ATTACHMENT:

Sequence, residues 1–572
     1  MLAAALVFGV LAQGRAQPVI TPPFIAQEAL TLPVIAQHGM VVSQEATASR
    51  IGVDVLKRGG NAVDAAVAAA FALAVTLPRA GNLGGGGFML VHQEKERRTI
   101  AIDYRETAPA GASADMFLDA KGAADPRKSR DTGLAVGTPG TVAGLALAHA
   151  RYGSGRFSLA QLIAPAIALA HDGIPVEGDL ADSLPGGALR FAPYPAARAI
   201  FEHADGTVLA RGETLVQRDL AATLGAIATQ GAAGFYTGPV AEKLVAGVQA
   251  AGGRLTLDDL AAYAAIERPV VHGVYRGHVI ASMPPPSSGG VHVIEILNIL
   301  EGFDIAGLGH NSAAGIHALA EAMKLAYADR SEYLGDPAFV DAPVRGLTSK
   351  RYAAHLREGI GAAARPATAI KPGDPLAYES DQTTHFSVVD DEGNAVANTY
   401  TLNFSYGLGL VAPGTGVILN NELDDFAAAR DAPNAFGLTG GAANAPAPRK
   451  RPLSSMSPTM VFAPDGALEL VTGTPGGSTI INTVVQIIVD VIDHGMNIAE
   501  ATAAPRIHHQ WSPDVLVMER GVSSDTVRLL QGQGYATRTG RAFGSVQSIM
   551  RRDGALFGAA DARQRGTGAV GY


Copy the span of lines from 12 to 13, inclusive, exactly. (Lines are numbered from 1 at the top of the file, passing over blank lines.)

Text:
   501  ATAAPRIHHQ WSPDVLVMER GVSSDTVRLL QGQGYATRTG RAFGSVQSIM
   551  RRDGALFGAA DARQRGTGAV GY